Journal of Alcoholism Drug Abuse & Substance Dependence Category: Medical Type: Research Article
Marijuana Use Predicts Cannabis Withdrawal in Adolescents: A Model of Psychological Dysregulation
- Jennifer Harris1*, David G Stewart2, Benjamin D Johnson3, Brayden C Stanton3, Julia P Charuhas3, Sara Joy3
- 1 Department Of Social, Behavioral And Human Sciences Division, University Of Washington, 1900 Commerce St, Tacoma, WA 98402, United States
- 2 Department Of Clinical Psychology, Seattle Pacific University, Washington, United States
- 3 Department Of Social, Behavioral And Human Sciences Division, University Of Washington, Tacoma, United States
*Corresponding Author:Jennifer Harris
Department Of Social, Behavioral And Human Sciences Division, University Of Washington, 1900 Commerce St, Tacoma, WA 98402, United States
Received Date: Sep 15, 2016 Accepted Date: Jan 27, 2017 Published Date: Feb 10, 2017
THE NEUROBEHAVIORAL DISINHIBITION THEORY
Affect dysregulation (e.g., emotional reactivity, arousal, and irritability) has been empirically supported as a risk factor associated with developing substance use disorders . Emotional dysregulation has been shown to be a predisposing factor in perpetuating the use of marijuana . Specifically, depression and irritability predict higher levels of marijuana use in adolescents . Adolescents who exhibit cannabis use disorder have shown high comorbity rates of mood and anxiety disorders, which include substantial amounts of withdrawal symptoms as part of their diagnostic criteria.
Behavioral dysregulation includes inattention, hyperactivity, aggressivity, impulsivity, as well as sensation-seeking behaviors [16,17]. Tarter and colleagues  found that adolescents whom exhibit behavioral dysregulation predicted higher frequency of marijuana use than those without the trait. In addition, recent analyses have found that adolescents with behaviors reflective of inattention and hyperactivity - such as Attention Deficit Hyperactive Disorder (ADHD), Operational Defiant Disorder, and Conduct Disorder - were at higher risk for using marijuana . In a study conducted by Jester and colleagues , aggression predicted marijuana problems while hyperactivity and inattention established earlier onset of use. Furthermore, the combination of aggressivity and inattention influenced severity of marijuana use. Sensation-seeking behaviors, such as impulsivity in childhood, manifest as positive or negative urgency; these have been correlated with increased marijuana use and a higher risk of continuing sensation-seeking within adolescence . It was determined that impaired impulse control during early adolescence, such as delayed response or response inhibition, may contribute to the increased probability of marijuana use.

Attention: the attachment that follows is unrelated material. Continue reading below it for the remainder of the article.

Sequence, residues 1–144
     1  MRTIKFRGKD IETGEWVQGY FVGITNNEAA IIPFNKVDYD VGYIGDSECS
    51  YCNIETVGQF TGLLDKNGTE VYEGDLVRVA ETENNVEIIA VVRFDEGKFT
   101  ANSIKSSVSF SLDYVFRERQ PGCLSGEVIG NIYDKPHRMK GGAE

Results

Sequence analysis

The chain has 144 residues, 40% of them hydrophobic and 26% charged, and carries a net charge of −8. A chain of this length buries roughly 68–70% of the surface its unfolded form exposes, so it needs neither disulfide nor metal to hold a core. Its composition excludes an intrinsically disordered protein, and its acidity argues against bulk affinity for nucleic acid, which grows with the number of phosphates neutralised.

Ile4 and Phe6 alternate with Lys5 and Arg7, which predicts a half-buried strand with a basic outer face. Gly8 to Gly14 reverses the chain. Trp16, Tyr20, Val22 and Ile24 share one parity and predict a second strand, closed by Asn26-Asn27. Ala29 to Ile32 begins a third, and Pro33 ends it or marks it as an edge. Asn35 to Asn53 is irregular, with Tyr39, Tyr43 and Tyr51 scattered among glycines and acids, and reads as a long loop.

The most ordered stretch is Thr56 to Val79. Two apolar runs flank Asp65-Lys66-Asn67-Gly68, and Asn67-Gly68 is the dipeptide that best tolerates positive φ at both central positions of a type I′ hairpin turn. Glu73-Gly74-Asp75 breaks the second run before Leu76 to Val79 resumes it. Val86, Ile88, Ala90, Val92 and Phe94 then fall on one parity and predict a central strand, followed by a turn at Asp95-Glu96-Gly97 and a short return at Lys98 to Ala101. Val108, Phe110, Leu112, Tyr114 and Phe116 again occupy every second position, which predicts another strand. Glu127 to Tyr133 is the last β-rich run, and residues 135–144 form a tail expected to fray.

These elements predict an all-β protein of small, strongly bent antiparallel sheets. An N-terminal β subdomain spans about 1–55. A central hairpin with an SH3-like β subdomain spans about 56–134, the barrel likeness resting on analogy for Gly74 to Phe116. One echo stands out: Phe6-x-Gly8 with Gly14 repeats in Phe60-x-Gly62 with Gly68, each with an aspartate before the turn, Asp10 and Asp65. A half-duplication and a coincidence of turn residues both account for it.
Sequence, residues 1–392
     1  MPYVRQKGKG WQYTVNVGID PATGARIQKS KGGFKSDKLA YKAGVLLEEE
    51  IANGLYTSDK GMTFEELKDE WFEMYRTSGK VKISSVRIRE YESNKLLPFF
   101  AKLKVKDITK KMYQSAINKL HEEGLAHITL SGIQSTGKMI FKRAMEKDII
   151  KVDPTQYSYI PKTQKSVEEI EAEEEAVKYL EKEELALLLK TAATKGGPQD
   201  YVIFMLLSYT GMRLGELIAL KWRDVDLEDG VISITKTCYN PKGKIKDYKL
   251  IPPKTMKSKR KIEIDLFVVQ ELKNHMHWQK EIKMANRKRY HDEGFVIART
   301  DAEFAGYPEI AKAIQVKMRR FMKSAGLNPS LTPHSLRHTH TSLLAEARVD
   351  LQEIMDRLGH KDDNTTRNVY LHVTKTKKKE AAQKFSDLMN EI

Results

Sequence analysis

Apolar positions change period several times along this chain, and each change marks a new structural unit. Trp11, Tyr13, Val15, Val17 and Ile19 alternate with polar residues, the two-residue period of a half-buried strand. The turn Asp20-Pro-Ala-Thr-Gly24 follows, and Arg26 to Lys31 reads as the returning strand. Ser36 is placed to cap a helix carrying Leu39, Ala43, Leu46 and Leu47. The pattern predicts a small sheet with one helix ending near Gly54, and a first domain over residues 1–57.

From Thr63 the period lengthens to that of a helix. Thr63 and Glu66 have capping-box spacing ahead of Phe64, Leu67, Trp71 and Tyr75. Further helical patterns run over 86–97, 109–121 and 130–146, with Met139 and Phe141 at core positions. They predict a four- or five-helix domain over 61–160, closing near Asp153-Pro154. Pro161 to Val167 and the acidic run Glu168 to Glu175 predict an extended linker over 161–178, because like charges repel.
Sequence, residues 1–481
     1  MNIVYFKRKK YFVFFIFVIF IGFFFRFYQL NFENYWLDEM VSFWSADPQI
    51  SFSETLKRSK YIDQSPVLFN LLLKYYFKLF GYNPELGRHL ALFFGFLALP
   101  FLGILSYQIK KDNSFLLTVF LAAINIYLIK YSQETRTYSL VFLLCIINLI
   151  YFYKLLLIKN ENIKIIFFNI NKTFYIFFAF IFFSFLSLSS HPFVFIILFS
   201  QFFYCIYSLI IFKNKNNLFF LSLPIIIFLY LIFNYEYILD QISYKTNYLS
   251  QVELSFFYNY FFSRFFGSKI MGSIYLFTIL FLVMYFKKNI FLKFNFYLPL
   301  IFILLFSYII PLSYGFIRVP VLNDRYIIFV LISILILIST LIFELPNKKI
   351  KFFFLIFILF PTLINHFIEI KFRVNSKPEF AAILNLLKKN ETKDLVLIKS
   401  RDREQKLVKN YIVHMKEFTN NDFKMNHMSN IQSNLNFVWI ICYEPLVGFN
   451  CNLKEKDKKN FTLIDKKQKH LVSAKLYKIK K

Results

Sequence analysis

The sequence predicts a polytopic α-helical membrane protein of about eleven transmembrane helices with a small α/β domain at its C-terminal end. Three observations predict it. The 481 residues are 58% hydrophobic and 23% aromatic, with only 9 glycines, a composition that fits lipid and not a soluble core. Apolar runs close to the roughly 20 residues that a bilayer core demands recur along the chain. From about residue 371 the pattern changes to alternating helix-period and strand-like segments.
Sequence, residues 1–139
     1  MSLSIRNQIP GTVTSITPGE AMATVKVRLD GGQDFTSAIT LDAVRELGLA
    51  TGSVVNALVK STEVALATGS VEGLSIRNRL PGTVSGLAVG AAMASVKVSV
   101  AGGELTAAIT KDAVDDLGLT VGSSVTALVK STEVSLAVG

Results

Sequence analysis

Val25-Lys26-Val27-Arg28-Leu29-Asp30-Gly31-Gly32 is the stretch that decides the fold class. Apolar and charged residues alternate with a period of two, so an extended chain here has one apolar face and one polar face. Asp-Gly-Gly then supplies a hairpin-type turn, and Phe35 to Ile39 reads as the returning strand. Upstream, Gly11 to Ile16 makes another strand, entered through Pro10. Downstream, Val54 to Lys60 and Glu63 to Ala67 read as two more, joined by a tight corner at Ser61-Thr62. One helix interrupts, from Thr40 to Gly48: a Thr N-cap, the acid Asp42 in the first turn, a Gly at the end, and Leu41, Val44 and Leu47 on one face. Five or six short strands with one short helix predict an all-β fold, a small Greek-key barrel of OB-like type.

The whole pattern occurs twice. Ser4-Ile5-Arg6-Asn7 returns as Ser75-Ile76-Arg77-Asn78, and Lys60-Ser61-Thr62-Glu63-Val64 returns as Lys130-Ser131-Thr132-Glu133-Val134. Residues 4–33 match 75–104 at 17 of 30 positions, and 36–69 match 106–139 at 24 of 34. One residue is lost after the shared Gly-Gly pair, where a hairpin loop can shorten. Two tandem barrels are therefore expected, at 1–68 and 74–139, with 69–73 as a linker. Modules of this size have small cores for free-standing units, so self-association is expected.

Cognitive dysregualtion includes the aspects of cognitive inflexibility as well as the inability to make a plan, carry out a plan, and/or learn from mistakes . Giancola and Tarter  found that executive cognitive functioning through the aspects of making a plan, carrying out a plan, and cognitive flexibility were linked to marijuana use. Adolescent marijuana-users also exhibit poor performance in decision making abilities and tend to choose an option that gives them immediate gratification, regardless of the consequences they experience over time. Also, physical and relational aggression in early adolescence was correlated with a greater likelihood of marijuana use later in adolescence . The aforementioned affective, behavioral, and cognitive factors contribute to the transition from recreational use to problematic drug seeking behaviors associated with withdrawal symptoms . These predisposing symptoms are similar to the withdrawal symptoms that arise in response to disruptions in marijuana use. The same psychological factors that precipitate use may help explain the severity of withdrawal.